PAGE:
This paper reports on combining semiotic and discursive approaches to reification in classroom interactions. It focuses on the discursive characteristics and semiotic processes involved in the teaching and learning of square roots in a ninth grade classroom in Japan. The purpose of this study is to characterize the development of mathematical discourses in a series of mathematics lessons in terms of the commognitive framework and the model of semiotic chaining. To achieve this objective, the notion of reification is revisited from cognitive, semiotic, and discursive points of view, and classroom activities are observed and analysed in terms of the combined theoretical framework. The results suggest that the model of semiotic chaining is not incommensurable with a strong discursive approach and the changes of meta-discursive rules—an essential aspect of the reification of new signifiers—that take place in the phases of the learning of addition on square roots.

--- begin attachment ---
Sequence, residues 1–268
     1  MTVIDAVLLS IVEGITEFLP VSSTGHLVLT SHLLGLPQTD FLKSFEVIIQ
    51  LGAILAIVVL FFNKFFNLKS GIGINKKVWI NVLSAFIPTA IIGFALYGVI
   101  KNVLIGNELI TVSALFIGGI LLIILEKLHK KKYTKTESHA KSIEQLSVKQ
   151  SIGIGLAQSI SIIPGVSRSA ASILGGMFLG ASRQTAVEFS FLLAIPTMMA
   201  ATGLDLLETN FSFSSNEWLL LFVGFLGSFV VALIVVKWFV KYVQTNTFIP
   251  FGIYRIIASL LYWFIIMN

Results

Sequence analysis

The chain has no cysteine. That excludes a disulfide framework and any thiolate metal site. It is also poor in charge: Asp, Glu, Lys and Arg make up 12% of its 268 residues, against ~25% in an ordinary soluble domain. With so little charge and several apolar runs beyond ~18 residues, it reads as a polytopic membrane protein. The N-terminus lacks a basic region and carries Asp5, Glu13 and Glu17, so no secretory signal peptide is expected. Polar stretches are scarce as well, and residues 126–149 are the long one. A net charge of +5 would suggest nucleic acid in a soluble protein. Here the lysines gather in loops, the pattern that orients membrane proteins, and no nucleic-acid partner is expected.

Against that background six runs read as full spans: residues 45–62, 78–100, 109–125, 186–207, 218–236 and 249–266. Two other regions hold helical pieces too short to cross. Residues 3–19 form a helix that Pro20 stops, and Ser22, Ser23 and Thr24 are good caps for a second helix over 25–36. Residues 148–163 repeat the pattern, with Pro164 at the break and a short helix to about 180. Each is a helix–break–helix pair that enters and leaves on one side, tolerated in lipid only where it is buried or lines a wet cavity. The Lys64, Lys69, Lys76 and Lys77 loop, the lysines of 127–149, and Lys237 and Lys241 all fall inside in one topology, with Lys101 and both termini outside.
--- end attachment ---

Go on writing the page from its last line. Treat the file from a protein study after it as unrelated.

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An example in mathematics, provided by Sfard (2008), shows a situation that a student tries to solve the parametric equation “kx – x = −2 for x”. In this case, the student “balked at the sight of the ‘unrealized’ expression k − 1” (p. 184).
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I am grateful to Nathalie Sinclair (Simon Fraser University, Canada) and Taro Fujita (University of Exeter, UK) for their valuable suggestions on earlier drafts of this paper. This study is supported by the Grant-in-Aid for Scientific Research, JSPS KAKENHI (No. 26780497).
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Shinno, Y. Reification in the Learning of Square Roots in a Ninth Grade Classroom: Combining Semiotic and Discursive Approaches. Int J of Sci and Math Educ 16, 295–314 (2018). https://doi.org/10.1007/s10763-016-9765-3
- Discursive approach
- Semiotic chaining
- Square roots